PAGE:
Debate sparks up over pot DUIs
OLYMPIA — When Washington legalized marijuana, a lot of pot users, especially those with a medical marijuana card, protested. They were certain that the DUI standard used to test marijuana in the blood stream was too strict.
Now, months after the election, arguments both for and against raising the legal amount of marijuana one can have in their system and legally drive are being discussed.
Currently, the legal limit for driving under the influence is now 5 nanograms of THC in the blood. THC is the chemical in pot that makes someone impaired. Ezra Eickmeyere, an advocate for medical marijuana users, says that number is far too low to be fair.
“I think it was put in the initiative to appease the fears of people out there who were concerned about an increase in driving while stoned,” Eickmeyer said.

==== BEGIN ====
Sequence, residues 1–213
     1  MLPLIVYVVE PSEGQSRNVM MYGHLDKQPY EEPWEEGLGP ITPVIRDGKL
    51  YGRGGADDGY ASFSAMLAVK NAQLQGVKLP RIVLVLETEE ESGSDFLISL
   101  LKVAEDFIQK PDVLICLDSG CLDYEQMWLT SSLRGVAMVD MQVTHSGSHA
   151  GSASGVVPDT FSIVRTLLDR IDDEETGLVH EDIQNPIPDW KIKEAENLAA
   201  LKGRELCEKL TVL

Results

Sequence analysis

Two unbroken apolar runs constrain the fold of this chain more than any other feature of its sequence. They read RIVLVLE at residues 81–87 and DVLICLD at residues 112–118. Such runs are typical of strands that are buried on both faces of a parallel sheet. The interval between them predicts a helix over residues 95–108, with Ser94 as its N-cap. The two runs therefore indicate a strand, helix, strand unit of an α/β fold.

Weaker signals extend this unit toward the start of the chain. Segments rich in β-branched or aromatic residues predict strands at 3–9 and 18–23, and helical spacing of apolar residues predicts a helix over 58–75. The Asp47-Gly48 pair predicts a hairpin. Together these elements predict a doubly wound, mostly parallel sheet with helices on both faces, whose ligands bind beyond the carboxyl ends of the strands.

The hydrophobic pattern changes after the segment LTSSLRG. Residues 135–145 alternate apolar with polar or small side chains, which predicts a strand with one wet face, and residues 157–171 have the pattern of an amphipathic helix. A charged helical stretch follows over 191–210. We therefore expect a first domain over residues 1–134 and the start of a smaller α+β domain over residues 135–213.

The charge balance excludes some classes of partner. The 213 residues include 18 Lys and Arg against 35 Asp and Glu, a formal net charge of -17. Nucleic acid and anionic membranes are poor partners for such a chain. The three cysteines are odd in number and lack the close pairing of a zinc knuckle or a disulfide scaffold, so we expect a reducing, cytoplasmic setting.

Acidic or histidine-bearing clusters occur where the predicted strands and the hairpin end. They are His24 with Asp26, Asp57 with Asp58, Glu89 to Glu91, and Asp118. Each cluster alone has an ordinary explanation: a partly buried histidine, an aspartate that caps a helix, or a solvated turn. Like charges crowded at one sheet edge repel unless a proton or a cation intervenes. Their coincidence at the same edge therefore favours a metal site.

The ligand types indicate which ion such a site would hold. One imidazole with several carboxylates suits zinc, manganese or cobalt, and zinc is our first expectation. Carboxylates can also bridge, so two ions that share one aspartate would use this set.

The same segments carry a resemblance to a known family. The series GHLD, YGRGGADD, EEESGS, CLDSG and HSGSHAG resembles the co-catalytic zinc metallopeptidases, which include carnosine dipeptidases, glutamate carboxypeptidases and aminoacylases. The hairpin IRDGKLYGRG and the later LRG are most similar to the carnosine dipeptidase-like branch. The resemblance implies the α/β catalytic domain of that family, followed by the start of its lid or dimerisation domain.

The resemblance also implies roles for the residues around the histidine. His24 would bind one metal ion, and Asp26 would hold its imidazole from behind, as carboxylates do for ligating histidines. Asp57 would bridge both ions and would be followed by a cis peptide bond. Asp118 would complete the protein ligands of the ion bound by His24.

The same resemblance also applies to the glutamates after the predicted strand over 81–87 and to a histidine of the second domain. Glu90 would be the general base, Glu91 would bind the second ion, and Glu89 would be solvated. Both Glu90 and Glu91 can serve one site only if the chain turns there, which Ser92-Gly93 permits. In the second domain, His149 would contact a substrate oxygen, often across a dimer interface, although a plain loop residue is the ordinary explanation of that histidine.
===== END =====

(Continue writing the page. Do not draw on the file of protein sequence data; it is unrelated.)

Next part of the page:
Eickmeyer believes the state already had good laws for impaired driving, and didn’t need to change it with the legalization of pot.
But new research from the National Institute of Health finds that 5 nanograms may actually be too high, and that users can be impaired at lower levels of THC. The study also found that the levels drop quickly, and that even chronic pot users tested below 5 nanograms just a few hours after smoking.
Washington state toxicologist Fiona Couper said her tests show that as well.
“THC rapidly declines in blood within one to three hours after the last use,” said Couper.
Opponents of the new law the numbers on the books need to be revised to meet the new research. State Rep. Roger Goodman, D-Kirkland, has called for a work session to discuss the legal limit and see if it’s at the right number.
“We want to find out a lot more about what’s legal, what’s not legal, and particularly this business about impaired driving,” Goodman said.